Misinformed protocols for eyewear impact healthcare workers’ safety


Misinformed protocols and choices in personal protective equipment (PPE), specifically in eyewear, can directly affect healthcare worker health safety and well-being.

This is according to Victor Lange, director of infection prevention and control and quality and risk management at Promise Hospital of San Diego.

He presented his findings at the annual meeting of the American Society for Healthcare Risk Management (ASHRM) in Indianapolis, Indiana this week as part of a series of presentations presented by TIDI Products, a manufacturer of clinically differentiated, single-use, infection-prevention products.

Lange’s findings are based on a study and a process improvement program he implemented. His research revealed that reusable eyewear—meant to protect healthcare workers—actually can increase cross-contamination and infection risk.

Lange found that harmful pathogens remained on 74.4 percent of reusable eyewear—following disinfection—making reusable eyewear an ongoing source of infection risk. Reusable eyewear, or eyewear with reusable components, may pose a risk of carrying ongoing bioburden, due to an inability to effectively disinfect all surface details, and thereby may increase risk to healthcare workers and patients, determined Lange.

Eye-related infection transmission is proven and contamination risk can be present without a known event. Infectious agents can be introduced to the eye via an imperceptible splash or spray, or by touching the eye with contaminated fingers or objects, such as reused eyewear. Most in-place protocols suggest eyewear be used based on anticipated exposure, and then be discarded, or decontaminated, promptly.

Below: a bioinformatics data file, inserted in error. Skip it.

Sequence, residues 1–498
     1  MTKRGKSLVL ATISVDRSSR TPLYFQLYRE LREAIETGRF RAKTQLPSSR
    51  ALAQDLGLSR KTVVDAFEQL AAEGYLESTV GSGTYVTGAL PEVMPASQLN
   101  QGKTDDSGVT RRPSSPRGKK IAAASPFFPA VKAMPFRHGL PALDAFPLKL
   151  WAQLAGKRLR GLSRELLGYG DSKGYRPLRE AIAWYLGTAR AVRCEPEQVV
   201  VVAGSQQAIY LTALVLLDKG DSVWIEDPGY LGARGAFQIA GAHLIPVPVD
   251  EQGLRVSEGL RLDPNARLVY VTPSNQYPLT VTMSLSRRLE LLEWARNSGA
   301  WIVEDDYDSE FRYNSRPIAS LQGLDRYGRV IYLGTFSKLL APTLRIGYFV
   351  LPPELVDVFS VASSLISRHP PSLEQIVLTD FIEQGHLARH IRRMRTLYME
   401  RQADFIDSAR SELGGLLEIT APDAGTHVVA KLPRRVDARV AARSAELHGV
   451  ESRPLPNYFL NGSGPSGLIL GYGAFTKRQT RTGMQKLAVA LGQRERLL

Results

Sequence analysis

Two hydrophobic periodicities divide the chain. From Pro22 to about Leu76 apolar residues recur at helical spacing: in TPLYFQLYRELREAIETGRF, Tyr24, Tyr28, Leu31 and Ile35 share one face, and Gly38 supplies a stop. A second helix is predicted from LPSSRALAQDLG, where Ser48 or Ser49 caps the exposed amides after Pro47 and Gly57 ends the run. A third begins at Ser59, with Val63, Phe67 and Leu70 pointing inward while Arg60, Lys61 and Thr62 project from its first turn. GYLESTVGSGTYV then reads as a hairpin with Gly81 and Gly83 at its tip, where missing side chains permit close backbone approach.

However, risk is not always evident, disinfection can be unreliable, and environments and materials, including all types of PPE, can be unknowingly contaminated in the course of care.

Lange suggests appropriate, single-use, disposable eyewear be used whenever body fluids are present and whenever masks or gloves are worn. When Lange implemented a multi-departmental program enabling as much, over a 90-day monitoring period, exposure incidents were cut by 100 percent and 15 splashes and sprays were prevented.

“TIDI Products is dedicated to reducing healthcare worker infection risk and to increasing staff compliance through product innovation and clinical education. Easily accessible, effective disposable eyewear especially is vital in supporting nursing staff occupational health and safety,” said TIDI Products chief commercial officer Mark Beran.

Victor Lange, Promise Hospital of San Diego, TIDI Products, Mark Beran, US